China trip reflection
The China I remember from five years ago is vastly different from the one I got to know this past summer. In the past few years, this country has completely revolutionized, as I have too. I didn’t even consider this until I met up with my relatives and thought to myself, it’s strange that when I last saw my younger cousin I had never been to a debate tournament or even heard of Northwestern.
China’s streets are more modern, and shopping complexes seem to have popped up everywhere. I’ve seen fewer homeless people than ever, and even the most rural of places seemed to be outlined by a few telephone lines. While there’s a new president in charge, the food is just as delicious as I remember it, if not better.
And on this trip, I was more eager to improve my Chinese than ever before.
Living life in another language forces you to consistently learn it, in real time. But it becomes so much more than just a chore or a class when you have to order your meal or speak to your friends/coworkers in Chinese. In America, I chose to mainly speak English because it was simply more convenient and efficient to do so. Speaking Chinese required brainpower and patience, two things a college student like myself is often unwilling to exert if unnecessary.
After living here for a month, however, I had grown so accustomed to the language that I naturally chose to speak it without a second thought.
But going back to China is about so much more than learning a language. I took 10 years of Chinese class in America and people can still sense that I’m not a native Chinese person after I say just one sentence to them. Sometimes, before I say a single word, they can sense it by my appearance and demeanor.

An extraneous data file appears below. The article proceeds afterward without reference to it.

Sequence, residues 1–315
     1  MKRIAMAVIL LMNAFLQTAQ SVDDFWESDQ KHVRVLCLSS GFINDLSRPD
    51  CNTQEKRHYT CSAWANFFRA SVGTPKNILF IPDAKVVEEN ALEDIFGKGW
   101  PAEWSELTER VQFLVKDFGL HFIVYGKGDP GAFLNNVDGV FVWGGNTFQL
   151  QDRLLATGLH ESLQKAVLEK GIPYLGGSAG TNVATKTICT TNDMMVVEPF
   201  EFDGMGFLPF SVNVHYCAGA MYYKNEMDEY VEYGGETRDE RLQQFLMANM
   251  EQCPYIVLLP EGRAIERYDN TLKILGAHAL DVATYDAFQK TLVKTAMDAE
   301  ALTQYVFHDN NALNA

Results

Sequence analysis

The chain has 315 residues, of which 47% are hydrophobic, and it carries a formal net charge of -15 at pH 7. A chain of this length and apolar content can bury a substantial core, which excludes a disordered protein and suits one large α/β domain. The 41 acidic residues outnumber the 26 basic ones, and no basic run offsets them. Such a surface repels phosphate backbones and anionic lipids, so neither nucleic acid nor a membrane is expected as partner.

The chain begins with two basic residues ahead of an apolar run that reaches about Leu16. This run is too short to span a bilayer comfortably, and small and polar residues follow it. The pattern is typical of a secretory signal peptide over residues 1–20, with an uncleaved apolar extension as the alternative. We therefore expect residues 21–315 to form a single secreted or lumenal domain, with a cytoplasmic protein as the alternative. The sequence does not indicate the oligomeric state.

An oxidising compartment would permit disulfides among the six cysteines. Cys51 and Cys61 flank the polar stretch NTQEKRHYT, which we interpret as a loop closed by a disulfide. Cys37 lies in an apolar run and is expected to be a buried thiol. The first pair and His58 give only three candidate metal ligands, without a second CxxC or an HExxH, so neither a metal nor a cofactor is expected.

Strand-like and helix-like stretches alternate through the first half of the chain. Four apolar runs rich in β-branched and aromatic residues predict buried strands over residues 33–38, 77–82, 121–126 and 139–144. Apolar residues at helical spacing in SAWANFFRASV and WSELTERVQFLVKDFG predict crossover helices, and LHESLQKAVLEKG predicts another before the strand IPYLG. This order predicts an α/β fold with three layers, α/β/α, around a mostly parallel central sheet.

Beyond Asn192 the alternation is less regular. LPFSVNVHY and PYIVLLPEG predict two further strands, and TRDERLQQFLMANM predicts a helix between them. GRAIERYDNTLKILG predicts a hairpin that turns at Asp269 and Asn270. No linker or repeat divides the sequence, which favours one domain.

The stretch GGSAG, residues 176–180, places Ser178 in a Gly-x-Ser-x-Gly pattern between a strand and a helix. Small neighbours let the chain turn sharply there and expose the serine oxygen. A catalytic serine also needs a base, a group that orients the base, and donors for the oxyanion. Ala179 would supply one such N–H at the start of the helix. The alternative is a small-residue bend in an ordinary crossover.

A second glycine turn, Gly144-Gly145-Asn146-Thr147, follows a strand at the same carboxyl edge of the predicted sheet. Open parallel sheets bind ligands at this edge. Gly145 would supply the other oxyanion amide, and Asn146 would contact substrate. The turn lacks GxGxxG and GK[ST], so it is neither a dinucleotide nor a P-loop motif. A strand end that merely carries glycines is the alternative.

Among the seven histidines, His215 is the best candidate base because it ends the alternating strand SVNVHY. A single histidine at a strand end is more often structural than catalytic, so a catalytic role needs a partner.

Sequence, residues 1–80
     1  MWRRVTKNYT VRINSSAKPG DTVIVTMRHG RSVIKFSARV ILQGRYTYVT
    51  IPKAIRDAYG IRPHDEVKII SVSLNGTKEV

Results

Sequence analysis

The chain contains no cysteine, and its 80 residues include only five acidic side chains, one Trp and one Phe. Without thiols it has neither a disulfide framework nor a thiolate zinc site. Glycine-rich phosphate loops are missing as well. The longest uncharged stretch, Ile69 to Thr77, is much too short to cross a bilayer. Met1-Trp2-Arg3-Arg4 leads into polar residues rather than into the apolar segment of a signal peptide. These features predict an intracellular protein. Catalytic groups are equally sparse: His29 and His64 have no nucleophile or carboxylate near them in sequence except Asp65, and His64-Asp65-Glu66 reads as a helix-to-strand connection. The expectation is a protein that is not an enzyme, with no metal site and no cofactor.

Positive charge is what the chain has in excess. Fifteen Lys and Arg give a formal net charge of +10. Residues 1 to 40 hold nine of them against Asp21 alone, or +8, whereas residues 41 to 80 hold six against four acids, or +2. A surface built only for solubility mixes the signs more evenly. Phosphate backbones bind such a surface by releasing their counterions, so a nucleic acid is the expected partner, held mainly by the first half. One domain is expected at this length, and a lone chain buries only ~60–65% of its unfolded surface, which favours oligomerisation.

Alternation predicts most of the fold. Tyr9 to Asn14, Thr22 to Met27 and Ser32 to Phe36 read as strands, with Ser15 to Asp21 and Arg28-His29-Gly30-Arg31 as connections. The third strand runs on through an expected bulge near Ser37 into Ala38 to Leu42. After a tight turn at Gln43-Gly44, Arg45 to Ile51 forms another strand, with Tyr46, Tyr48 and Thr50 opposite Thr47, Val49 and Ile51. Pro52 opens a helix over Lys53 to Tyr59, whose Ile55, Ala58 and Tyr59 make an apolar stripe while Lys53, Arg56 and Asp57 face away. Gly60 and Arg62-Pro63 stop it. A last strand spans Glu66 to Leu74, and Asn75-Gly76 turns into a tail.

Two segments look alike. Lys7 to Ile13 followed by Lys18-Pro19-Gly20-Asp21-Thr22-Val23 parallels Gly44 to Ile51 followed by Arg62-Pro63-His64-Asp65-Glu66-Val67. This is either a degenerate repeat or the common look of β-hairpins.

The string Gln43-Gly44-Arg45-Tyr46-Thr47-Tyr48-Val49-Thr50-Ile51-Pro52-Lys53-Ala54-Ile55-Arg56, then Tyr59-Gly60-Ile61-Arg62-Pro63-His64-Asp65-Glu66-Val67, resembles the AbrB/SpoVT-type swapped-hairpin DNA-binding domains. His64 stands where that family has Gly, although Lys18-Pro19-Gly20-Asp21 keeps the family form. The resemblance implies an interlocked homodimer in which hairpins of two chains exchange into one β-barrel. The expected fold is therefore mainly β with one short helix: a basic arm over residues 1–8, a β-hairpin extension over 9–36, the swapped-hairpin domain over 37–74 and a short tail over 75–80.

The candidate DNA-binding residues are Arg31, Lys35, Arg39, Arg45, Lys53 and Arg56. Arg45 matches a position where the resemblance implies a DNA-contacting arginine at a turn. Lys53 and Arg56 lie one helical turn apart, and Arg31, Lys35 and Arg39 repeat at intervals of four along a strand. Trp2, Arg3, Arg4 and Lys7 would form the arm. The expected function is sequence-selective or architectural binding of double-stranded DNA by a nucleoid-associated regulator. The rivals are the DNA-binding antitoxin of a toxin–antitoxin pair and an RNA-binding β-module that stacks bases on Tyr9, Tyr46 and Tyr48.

No, going back to China is about steeping yourself in a culture, learning about traditions that make up so many people’s daily lifestyles.
For most Chinese citizens, internet freedom is a purchased privilege, not a right. There’s also no tipping culture, which takes a huge toll on restaurant service. Students in high school get out of school at 9 pm, while most Americans are out before 4 pm. Their ideals of beauty are quite different. They opt for lighter, dewy skin, and subtle lips, while Americans are all about bronzed skin and bold lips. It’s encouraged that college students find long-term relationships as soon as possible, while much of America is all about hookup culture.
Going to China makes you realize that the US and China are both better and worse than each other in all sorts of different ways, but of course, many of these characterizations are subjective. The point is, however, these aren’t things that you learn from sitting at home. You’ve got to come here and make these discoveries firsthand.
If we all live and die in our zip codes, we’ll end up steeping ourselves for far too long in just one culture, and start to believe that it’s the only culture there is.
You can see how being immersed in the Westminster culture for 7 years was disheartening, to say the least. Getting to know the rest of the world is crucial.
We loved our recent visits to rural China for the exact reasons you mention. The culture is so different and you grow as a person by living amongst it even for a week or so.
Ah! I’m so glad you were able to gather all of that from such a short time! I sincerely hope you’re able to go back some other time. Thanks for reading.
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